To Feed or Not to Feed

Junco that just hit the window

This junco hit our second story window and sat stunned, but alive, here on the ground last summer.  Juncos are sweet little birds that we see from May to September all around our house pecking at seeds on the ground.  They visit our feeder during this time but mostly stay on the floor of the deck or on the ground under the feeder, hopping around picking up fallen sunflower heart pieces and birch seeds.  They can leave so late in the season, I believe, because they are only flying as far as the southern coast of Alaska where it doesn’t freeze so hard in the winter.

Junco that hit the windowMy husband and I immensely love watching our feeder birds:  redpolls, juncos, chickadees, and hairy and downy woodpeckers.  He often places small amounts of bird seed on the snow mounds that cover the deck railings and flower pots in the winter so that redpolls don’t have to mob the feeder and so that we can see them closer.  We stand at the window and marvel at how they can live at 30 below zero, and at their quick movements and little arguments.

But I wonder that having a bird feeder is the best thing for the birds.  Many birds hit our windows, but by far most of them end up alive (though certainly a bit damaged afterwards).  After they hit the windows as they sit stunned until they are able to fly away, they are undoubtedly vulnerable to predation.  There’s a neighborhood cat that I fear visits in the wee hours of the morning in the summer and I have no idea if it uses the feeder as a baiting station.  I have no evidential reason to believe this but am concerned.  Other than that cat our neighborhood totally lacks outdoor cats as far as we can tell.  This one we’ve only seen twice in our 5 years here.  (And our two cats don’t go outside without being chaperoned.)

Feeding birds seems on the surface not a bad idea.  But is it good to get them reliant on what we provide?  So that they lose just a little bit of their natural foraging skills to their eventual detriment?  What about the seed itself… are there pesticides on it, or fungicides?  Is it even good for a redpoll or chickadee to eat that much sunflower heart instead of what it would normally find in nature?  Could there sometimes be mold on the seeds that would be dangerous to the birds?  Is feeding birds related to the sickness of chickadees that results in 6-10% of them having beak deformities?  I’ve read up a bit on this topic and there are not a lot of answers to be had (although plenty of guesses and opinions).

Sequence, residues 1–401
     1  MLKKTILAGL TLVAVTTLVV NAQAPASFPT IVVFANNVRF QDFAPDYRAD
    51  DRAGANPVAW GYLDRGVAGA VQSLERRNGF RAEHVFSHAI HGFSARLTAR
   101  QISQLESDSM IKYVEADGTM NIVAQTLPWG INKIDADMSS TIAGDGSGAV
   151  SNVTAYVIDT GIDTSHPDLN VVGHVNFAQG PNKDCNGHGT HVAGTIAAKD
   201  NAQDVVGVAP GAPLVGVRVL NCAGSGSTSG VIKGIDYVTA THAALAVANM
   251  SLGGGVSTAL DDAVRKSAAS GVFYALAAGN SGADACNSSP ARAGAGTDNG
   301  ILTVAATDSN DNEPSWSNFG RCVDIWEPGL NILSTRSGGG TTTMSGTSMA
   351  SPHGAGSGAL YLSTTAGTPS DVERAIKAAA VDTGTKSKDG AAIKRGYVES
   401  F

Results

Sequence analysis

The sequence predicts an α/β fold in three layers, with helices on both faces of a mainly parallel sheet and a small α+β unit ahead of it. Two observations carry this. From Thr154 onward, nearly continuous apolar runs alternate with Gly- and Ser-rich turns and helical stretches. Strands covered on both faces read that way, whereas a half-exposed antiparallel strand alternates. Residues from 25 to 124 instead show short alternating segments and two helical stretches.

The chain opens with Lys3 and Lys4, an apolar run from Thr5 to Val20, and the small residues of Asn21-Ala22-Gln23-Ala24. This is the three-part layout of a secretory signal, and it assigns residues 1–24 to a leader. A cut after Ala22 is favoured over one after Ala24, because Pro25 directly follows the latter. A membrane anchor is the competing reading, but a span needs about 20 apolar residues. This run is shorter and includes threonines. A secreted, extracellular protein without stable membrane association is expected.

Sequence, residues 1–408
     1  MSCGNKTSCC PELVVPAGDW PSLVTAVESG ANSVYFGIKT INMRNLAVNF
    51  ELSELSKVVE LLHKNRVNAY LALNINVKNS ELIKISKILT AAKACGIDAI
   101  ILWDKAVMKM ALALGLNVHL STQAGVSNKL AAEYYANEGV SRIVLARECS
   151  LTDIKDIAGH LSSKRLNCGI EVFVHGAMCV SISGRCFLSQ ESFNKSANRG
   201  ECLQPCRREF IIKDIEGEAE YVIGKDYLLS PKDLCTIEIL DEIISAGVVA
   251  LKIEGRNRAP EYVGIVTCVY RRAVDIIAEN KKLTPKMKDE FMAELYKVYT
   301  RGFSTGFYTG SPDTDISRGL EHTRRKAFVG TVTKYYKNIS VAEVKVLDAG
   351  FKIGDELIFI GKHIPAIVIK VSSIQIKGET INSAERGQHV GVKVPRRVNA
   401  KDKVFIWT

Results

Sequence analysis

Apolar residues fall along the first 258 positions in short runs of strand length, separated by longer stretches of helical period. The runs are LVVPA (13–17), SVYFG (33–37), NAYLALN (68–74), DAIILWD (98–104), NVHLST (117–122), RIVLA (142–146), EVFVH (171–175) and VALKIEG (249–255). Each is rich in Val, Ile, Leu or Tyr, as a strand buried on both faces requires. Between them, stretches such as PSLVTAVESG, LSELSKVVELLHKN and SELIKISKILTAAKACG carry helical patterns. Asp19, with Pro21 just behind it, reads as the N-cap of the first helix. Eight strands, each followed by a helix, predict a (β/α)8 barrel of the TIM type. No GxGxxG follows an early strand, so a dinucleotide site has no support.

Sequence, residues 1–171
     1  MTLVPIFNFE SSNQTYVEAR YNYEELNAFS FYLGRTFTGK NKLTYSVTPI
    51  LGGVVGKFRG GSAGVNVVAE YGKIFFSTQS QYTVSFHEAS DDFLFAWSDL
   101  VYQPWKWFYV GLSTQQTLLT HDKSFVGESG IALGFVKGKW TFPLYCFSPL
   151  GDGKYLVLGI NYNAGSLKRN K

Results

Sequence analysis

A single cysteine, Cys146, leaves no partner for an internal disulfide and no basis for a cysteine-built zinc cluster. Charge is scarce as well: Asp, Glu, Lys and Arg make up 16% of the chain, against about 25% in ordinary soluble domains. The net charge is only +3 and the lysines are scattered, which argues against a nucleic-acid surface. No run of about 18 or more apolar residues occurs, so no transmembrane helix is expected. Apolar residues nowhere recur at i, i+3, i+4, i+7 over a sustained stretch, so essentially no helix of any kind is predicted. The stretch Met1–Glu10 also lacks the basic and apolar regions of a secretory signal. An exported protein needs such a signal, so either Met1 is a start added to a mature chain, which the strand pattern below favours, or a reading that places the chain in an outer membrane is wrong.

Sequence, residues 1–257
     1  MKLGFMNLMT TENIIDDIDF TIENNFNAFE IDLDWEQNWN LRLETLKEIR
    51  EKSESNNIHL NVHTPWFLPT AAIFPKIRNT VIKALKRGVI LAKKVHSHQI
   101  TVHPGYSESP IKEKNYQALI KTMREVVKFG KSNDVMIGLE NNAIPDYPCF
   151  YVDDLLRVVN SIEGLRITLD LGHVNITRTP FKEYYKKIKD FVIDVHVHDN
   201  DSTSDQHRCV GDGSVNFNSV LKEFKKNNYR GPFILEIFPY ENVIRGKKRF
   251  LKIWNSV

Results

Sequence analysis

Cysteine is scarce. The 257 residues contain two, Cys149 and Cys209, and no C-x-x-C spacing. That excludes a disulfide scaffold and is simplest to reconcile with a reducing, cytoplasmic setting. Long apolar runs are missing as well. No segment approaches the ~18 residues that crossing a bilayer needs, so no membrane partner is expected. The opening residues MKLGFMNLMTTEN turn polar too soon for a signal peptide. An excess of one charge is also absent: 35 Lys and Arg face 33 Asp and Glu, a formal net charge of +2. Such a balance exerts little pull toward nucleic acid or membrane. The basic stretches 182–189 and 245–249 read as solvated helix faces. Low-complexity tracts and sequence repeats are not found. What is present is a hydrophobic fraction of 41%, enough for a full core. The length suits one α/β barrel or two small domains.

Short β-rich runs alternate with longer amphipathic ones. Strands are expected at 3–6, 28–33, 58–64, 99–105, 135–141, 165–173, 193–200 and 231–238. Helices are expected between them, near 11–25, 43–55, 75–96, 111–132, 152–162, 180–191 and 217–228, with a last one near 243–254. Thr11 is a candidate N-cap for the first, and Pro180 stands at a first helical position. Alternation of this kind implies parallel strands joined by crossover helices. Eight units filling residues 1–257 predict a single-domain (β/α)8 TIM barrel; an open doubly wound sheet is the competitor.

So unfortunately, I’m not convinced that feeding birds is the absolute right thing to do, but I’m unwilling to give it up unless I see direct evidence that it harms them more than it helps them.  The only way I know for sure that it harms them is when they hit the windows.  Redpolls eating seed outside windowI’ve went to great lengths to try to prevent it, such as wiring and beads that I once strung across our largest window for a few years.  The thing is, I know that they would hit the windows even if we didn’t purposefully draw them here to our house with food.

Alas, it would be a sad sad day for my husband and I if we were to decide that the harm to the birds outweighs the benefits (to us and the birds).

You can see here the redpolls chowing down today on the seed my husband has strewn on the snow in front of the window.  The temperature gauge doesn’t go colder than 20 below – it’s about 30 below zero (F) right now.  I can’t imagine those poor little guys can’t use some extra food at this temperature!

But am I justifying?  This summer I plan to try something else on the windows:  CDs strung on wires or string.  I’ve also switched out the bird feeder when it was just too hard to clean anymore.  Any tips are welcome!  Thanks for reading.

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17 responses

  1. Sharon Holdinghausen

    Well I don’t think I can give you any good suggestions since we are not lucky enough to have alot of wildlife
    where I live but it must be pretty awsome to be able to look out your window and see all the birds right outside.

    December 17, 2012 at 7:26 am

    • It is, we love it! Thanks for reading the blog Sharon.

      December 18, 2012 at 1:49 am

  2. That’s a tough one. Moving the feeders further away helps and getting a fake owl sticker for your window or a figurine may help. Then you see far fewer birds though…

    December 17, 2012 at 7:44 am

    • I read that you should put the feeder either farther away or very close. I have some ideas that should help but I probably can’t do anything until the summer and I can’t stop feeding them now in the middle of the winter. Thanks for the comment!

      December 18, 2012 at 1:52 am

      • I have very big feeders at my windows. I feel bad about the window casualties too. I think many of those are inexperienced/ juvenile birds. Besides right now we need something to look at outside!

        Stay warm

        December 18, 2012 at 1:59 am

  3. Aah, your stunned-junco photos scared me – glad she was okay! I would definitely be worried about them hitting the window; it’s dangerous while they’re stunned, as you say, plus they may well have brain damage that will impair or kill them later. When we get dead birds turned in at the museum (to be made into specimens) sooooo many of them are “window strikes,” and when you go into the skull you see just how delicate the bone is and how much bleeding in the brain case there can be.